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Copenhagen (IPA /ˈkoʊpənheɪɡən/ or /ˈkoʊpənhɑːɡən/; Danish: København [kʰøb̥m̩ˈhɑʊ̯ˀn] (About this sound listen)) is the capital of Denmark and its most populous city, with an urban population of 1,213,822 (as of 1 January 2012) and a metropolitan population of 1,950,522 (as of 1 January 2013). Copenhagen is situated on the eastern coast of Zealand and stretches across part of Amager. A number of bridges and tunnels connect the parts of the city together, and the cityscape is characterized by promenades and waterfronts.

Originally a Viking fishing village founded in the 10th century, Copenhagen became the capital of Denmark in the beginning of the 15th century. During the 17th century, under the reign of Christian IV, it became a significant regional centre. Since the turn of the millennium, Copenhagen has seen a strong urban and cultural development, partly due to massive investments in cultural facilities and infrastructure. Since the completion of the transnational Øresund Bridge in 2000, Copenhagen has become increasingly integrated together with the Swedish city of Malmö, growing into a combined metropolitan area, known as the Øresund Region.

Copenhagen is the cultural, economic and governmental centre of Denmark; it houses various economic sectors. It is an important centre for maritime industries and maritime trade in Europe, offering marine transportation and shipping lanes in both the North Sea and the Baltic Sea. Copenhagen is among the financial centres of Northern Europe with the Copenhagen Stock Exchange and home of many companies such as Maersk, Carlsberg Group and Novo Nordisk. Copenhagen has 89,000 students enrolled in its educational institutions.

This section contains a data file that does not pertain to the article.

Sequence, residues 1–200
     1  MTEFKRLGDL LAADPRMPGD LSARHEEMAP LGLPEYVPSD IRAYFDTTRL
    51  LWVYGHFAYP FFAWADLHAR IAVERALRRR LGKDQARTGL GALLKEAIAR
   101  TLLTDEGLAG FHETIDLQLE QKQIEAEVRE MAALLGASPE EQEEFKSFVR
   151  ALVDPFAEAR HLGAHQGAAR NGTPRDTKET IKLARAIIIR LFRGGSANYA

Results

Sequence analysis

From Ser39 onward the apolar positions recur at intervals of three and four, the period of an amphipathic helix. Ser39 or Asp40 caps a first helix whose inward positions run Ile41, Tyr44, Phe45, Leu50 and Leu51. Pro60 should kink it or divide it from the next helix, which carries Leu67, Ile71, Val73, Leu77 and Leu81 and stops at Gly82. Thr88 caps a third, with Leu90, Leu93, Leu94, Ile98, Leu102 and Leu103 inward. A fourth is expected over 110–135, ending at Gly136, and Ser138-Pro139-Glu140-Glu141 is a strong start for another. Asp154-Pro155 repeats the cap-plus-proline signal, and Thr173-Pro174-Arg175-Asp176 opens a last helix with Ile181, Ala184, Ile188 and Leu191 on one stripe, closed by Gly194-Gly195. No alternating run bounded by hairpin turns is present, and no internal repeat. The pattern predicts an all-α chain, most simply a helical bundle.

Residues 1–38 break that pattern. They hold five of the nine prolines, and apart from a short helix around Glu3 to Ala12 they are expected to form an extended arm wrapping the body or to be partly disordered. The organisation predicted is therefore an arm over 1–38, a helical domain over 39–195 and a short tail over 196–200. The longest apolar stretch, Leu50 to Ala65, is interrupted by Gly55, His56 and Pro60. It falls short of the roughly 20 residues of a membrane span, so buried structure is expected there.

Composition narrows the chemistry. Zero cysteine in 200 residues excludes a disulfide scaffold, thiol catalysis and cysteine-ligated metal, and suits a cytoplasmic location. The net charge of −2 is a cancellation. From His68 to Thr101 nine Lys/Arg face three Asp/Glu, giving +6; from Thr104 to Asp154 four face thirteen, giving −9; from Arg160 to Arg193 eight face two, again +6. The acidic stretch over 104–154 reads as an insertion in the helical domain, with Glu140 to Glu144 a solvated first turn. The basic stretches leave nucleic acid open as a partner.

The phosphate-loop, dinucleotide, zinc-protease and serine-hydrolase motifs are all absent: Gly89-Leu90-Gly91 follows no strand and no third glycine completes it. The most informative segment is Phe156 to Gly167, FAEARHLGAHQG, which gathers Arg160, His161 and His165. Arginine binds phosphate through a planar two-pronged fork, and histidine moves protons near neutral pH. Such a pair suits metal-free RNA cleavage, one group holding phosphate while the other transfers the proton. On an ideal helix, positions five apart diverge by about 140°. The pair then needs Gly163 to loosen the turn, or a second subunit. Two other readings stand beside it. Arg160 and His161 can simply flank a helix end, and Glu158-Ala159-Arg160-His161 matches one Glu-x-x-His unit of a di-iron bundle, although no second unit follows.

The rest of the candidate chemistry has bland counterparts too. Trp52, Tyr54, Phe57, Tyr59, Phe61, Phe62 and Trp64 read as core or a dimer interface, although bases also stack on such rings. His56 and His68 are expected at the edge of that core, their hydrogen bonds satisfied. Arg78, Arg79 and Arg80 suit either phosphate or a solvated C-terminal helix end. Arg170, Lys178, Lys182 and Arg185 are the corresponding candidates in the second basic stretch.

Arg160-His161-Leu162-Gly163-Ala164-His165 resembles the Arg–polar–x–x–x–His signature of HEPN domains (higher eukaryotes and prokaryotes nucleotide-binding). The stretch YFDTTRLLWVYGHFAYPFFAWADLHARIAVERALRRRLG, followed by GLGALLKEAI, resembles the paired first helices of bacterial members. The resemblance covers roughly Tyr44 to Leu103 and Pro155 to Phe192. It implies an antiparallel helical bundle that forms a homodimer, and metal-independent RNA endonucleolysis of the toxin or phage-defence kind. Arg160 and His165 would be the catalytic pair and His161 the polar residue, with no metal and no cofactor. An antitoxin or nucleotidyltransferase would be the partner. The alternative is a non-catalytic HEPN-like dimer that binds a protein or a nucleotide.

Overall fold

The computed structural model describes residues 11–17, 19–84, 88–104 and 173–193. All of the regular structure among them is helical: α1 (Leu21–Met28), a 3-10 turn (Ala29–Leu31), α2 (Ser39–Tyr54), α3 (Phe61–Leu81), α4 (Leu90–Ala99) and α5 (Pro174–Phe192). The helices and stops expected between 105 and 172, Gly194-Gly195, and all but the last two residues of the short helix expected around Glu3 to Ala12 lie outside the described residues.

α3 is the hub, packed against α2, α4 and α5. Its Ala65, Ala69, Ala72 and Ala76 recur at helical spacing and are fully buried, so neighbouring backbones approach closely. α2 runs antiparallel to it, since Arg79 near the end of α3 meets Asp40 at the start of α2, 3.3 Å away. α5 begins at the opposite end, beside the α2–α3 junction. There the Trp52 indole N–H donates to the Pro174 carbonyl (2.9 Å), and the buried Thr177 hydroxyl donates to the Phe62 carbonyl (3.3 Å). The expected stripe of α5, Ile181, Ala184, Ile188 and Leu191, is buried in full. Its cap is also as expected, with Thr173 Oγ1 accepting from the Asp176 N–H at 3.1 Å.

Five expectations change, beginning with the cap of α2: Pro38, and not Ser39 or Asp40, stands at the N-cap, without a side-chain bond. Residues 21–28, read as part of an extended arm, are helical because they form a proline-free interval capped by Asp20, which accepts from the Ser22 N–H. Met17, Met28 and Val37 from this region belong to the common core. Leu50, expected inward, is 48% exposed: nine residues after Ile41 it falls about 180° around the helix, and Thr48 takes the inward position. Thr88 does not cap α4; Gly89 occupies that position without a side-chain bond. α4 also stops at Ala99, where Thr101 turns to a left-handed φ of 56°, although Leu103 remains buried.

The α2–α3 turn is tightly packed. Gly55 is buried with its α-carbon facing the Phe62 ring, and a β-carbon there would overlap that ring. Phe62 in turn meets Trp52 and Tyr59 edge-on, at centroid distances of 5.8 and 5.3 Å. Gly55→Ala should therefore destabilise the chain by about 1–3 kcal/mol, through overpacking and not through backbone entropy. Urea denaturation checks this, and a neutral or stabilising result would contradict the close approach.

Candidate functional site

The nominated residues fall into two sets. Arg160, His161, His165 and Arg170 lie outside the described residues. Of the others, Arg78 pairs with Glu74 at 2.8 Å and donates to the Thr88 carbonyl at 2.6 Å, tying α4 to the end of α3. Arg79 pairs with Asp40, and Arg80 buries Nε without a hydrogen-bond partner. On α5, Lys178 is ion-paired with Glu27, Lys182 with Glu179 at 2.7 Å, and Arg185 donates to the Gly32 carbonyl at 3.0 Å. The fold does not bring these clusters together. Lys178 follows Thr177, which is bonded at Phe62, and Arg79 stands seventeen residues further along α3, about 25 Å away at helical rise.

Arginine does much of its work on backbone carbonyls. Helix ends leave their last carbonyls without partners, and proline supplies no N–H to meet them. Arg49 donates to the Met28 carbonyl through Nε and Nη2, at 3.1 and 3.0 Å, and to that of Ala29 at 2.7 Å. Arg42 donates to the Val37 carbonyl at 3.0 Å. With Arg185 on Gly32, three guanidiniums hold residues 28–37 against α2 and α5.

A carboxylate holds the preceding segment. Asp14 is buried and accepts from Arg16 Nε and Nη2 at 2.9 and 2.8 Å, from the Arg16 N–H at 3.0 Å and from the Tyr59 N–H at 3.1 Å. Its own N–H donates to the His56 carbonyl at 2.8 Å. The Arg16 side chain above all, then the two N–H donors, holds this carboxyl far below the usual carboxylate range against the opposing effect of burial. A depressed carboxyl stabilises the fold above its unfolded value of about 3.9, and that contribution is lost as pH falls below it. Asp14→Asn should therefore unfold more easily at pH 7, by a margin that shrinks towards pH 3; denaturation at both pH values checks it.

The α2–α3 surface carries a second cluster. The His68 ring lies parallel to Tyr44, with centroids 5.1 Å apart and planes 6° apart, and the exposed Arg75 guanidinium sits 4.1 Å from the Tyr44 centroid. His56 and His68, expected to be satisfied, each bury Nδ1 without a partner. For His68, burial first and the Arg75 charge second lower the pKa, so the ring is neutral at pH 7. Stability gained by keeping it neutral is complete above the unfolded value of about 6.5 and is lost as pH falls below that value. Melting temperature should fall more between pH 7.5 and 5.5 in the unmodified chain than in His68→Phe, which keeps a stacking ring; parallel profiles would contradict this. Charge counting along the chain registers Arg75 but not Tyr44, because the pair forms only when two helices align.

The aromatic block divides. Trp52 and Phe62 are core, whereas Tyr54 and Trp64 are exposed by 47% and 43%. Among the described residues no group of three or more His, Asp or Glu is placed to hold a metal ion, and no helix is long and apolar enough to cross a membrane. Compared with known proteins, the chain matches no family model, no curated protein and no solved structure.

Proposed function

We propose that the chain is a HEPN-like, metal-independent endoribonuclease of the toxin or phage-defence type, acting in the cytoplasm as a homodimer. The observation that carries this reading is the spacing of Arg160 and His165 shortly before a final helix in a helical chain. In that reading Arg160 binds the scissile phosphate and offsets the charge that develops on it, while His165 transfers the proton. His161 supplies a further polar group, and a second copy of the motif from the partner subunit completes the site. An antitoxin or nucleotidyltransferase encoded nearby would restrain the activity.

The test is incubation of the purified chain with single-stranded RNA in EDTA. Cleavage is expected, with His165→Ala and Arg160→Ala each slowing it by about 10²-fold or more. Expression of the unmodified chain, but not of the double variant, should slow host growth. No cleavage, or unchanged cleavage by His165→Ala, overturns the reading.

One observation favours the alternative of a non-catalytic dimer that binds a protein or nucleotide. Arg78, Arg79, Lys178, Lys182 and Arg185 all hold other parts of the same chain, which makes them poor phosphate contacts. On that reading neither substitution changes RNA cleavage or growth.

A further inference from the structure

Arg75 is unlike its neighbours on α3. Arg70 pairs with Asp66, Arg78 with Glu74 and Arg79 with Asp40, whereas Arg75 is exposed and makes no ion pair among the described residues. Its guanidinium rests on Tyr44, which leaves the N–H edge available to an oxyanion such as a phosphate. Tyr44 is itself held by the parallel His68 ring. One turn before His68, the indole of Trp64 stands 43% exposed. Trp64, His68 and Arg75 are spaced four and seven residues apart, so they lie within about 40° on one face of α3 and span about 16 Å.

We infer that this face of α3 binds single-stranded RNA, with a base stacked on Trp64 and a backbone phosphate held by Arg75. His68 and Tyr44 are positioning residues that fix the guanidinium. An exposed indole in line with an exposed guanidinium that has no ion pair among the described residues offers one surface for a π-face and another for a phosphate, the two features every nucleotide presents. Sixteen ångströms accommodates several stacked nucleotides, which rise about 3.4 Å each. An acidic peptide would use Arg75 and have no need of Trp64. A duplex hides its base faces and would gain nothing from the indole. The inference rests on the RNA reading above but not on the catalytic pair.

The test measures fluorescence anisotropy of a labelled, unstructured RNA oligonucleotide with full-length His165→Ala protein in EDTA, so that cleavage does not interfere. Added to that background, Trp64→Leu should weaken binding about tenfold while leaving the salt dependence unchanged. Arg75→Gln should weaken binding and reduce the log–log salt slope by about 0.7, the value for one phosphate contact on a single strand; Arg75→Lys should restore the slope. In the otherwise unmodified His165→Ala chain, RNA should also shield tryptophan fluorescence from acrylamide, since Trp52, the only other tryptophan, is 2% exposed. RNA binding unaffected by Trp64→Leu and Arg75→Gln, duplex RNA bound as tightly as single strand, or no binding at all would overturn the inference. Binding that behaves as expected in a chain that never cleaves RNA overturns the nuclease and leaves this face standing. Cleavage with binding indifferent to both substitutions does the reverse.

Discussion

A diverse infrastructure allows for a blend of bicycles, cars and public transport while the Copenhagen Metro serves central Copenhagen, the S-train connects the outlying boroughs. The Copenhagen Airport is largest airport in the Nordic countries, serving 23.3 million passengers in 2012[5]


Le Petit Tortus

The coolest, most cosmopolitan, most exciting and, yes, Danny Kaye was right, the most wonderful city in Scandinavia (don’t argue Stockholm): welcome to Copenhagen (København).

These days the Danish capital is blossoming. There is a spring in its step borne from a mixture of some brave new architecture, continued prosperity and a burgeoning confidence in its own charms. There are more cafés and restaurants than ever and, more importantly, the locals are learning how to use them. It used to be that Copenhageners ate out on special occasions only and nights out were restricted to Friday and Saturday only, but that’s all changed. Even on a wet Wednesday in February the bars and cafés will be buzzing, that all important hyggelige (cosy) atmosphere fostering a uniquely Danish sense of wellbeing and conviviality.

In a way, the rest of the world woke up to how great this historic city of canals, cobbled squares and copper spires was before the locals did, but it is at last sinking in that the world now looks to Copenhagen for the best in design, architecture and fashion and is beginning also to notice the extraordinary culinary revolution that has taken place here over the last decade.

If you are looking for an earthy, hardcore travel experience look elsewhere. Copenhagen is clean, safe and ridiculously easy to get to know, the locals all speak superb English and the transport system makes London’s look like it’s on the verge of a nervous breakdown. It usually makes the top five, if not the top spot, in those ‘most liveable city’ lists. And if you are looking for a budget destination, you might also want to reconsider your plans. This is not a cheap city by any means, but then neither is it any more expensive than any other major European city – London and Paris will hit your pocket harder.